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This Should Be Your Go-to Quarantine Reading List

With conventional means of entertainment being scarce amidst the lockdown, the internet has proved to be a saviour with a variety of options to keep us occupied. 

While the pandemic keeps us inside our homes, here is a list of super cool and, for some reason lesser known but totally amazing online resources to buy and treasure. We bet these will keep you hooked during the lockdown. 

1. Soupgram by Meera Ganapathi:

With the current resurgence in digital magazines and publications, more and more are debuting regularly, with each one specializing in interestingly niche segments of the society. Soupgram is one such beautifully crafted product that delivers distinct and relatable contemporary accounts of modern-day India.  The trimonthly issue distinguishes itself with curated content and insightful stories which instantly immerse you in. Covering everything from essays, interviews and personal logs  to Indian culture, society and food, Soupgram relates a little bit to the everyday in all of us. 

2. Pari by P.Sainath:

Bringing you the unsung heroes from rural India, Pari focuses on archiving the issues that surround our incredible and diverse countryside like no other. It examines the grit and mettle of thousands of rural households and it’s people by bringing to you their stories, languages, occupations, culture, poetry and much more. With visually gripping documentation that strikes an emotional and sensitive  chord Pari is aptly ‘the living archive of the world’s most complex countryside’.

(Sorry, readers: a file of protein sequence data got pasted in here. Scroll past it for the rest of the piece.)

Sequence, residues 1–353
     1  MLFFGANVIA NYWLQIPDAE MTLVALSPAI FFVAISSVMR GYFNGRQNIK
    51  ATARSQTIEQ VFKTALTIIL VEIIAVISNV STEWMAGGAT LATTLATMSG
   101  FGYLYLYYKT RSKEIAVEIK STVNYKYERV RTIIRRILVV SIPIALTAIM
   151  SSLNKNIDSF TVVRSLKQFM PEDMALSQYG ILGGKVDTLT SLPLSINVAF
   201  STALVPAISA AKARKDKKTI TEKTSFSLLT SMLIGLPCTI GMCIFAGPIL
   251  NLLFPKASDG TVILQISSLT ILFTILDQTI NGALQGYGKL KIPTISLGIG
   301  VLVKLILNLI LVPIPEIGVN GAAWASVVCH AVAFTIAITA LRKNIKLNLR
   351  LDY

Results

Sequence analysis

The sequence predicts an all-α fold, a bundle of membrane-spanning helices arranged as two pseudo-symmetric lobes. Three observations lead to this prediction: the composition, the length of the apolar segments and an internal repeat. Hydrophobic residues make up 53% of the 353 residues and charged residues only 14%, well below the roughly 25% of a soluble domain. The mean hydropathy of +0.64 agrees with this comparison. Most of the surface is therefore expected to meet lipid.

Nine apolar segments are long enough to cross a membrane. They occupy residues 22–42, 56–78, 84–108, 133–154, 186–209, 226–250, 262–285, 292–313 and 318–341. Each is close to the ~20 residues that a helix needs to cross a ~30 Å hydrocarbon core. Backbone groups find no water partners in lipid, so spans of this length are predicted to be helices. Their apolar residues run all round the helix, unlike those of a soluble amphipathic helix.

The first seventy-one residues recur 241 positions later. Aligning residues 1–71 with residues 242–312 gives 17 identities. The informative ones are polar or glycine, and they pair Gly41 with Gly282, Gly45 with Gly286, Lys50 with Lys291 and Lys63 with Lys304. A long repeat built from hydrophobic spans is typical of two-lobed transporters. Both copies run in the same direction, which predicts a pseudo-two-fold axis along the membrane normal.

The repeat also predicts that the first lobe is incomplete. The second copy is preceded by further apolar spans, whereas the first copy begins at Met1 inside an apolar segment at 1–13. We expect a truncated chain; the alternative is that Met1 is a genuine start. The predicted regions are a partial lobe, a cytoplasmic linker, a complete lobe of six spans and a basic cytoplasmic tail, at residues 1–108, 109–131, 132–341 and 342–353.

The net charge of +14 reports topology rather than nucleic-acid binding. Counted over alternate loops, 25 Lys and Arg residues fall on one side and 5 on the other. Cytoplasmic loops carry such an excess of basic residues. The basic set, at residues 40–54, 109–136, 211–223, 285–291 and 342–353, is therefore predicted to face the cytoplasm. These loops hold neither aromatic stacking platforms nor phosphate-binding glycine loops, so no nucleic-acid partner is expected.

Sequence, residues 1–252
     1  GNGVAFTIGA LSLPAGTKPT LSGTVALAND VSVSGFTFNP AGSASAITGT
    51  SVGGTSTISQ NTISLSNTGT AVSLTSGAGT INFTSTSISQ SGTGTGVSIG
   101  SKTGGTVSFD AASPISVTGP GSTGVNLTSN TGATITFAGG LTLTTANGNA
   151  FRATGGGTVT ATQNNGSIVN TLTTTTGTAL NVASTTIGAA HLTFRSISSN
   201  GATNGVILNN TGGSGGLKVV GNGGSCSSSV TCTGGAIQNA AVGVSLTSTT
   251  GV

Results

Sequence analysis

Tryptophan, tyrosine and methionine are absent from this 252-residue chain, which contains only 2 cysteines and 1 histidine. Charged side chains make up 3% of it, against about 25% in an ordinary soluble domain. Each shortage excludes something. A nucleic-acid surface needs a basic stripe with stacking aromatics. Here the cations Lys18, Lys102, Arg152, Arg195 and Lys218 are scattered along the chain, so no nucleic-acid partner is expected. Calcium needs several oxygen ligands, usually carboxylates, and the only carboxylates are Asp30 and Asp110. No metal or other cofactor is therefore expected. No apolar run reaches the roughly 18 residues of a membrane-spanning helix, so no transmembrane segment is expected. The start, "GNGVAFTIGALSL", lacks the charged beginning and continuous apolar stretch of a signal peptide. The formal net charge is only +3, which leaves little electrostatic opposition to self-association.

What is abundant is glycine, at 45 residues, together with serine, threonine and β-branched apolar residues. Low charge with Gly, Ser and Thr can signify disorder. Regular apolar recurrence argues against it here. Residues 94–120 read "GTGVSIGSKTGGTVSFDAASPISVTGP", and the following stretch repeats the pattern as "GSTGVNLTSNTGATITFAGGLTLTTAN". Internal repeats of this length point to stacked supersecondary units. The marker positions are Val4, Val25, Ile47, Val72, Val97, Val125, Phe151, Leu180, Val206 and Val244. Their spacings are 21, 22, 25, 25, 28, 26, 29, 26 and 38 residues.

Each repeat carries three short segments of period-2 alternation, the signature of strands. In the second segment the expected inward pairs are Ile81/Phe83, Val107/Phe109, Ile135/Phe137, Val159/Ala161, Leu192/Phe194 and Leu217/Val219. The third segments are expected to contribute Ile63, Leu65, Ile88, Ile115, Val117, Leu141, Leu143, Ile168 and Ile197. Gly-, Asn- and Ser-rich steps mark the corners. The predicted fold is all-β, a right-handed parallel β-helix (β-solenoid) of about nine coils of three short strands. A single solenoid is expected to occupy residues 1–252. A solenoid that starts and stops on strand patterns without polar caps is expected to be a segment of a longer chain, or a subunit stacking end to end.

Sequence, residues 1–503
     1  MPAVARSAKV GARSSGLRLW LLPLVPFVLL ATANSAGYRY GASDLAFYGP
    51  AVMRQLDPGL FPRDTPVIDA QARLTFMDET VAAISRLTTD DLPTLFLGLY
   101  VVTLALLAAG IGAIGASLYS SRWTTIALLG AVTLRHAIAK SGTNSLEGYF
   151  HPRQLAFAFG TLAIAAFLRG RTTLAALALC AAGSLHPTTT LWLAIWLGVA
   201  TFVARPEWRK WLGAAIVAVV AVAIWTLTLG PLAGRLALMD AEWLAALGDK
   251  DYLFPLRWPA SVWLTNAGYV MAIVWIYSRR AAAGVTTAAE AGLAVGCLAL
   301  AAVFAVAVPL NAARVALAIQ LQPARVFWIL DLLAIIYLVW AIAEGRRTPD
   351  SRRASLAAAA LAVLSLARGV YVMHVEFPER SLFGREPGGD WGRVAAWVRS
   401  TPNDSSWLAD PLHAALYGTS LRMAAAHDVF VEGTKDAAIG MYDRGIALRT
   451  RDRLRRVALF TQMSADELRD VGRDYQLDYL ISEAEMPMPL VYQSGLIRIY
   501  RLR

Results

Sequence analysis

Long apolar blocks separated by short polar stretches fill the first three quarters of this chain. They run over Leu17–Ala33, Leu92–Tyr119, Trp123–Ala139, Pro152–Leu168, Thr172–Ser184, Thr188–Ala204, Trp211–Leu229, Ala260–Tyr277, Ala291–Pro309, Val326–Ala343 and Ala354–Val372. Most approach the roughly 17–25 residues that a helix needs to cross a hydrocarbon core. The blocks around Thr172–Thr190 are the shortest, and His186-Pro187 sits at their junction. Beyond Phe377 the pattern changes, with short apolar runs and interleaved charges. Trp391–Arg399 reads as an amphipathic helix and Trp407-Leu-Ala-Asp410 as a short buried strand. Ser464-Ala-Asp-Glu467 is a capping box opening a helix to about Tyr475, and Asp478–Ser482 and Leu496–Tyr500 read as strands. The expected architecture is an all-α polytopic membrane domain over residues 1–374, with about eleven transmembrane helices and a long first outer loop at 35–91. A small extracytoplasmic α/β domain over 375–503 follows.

3. The Meraki Project by Sonali Pamnani Jhabakh:

An all women’s club that serves as a social reformer by creating powerful and thought provoking content that spreads awareness and inspiration about the lives of women. An intriguing and one of a kind mix of features and blogs, both created and curated, that address gender, equality, body, sex, age, growing and more with stunning visuals that stand out. With all three of their issues available online for free, you’ll be glued to your screen soaking every bit in. 

4. The Alipore Post by Rohini Kejriwal: There are a lot of Indian magazines, online resources and journals that deliver art and poetry online. However, The Alipore Post won us over with its diverse storytelling. The weekly poetry and art newsletter is perfect for those Sunday evenings on the balcony with a warm cup of coffee to find your refuge in. You’ll discover a newfound love for poetry which will keep you aching for more and even inspire you to write some. The journal binds inspirational words, music, illustrations, images, and ideas that encourage people to simplify their lives and explore new things. 

5. Daak by Onaiza Drabu and Prachi Jha: The untold stories of men and women from Indian culture and heritage. Interestingly, Daak attempts to revive and preserve the written word in a way that it fills the cultural vacuum caused by technological advancement. It explores the unexplored treasure trove of living heritage in the Indian Subcontinent by featuring conversations, artwork, literature and stories.  Daak, will literally, arrive to your inbox every week and take you back to an untold era you wished you were a part of unequivocally.

Written by: Ar.Dev Tyagi




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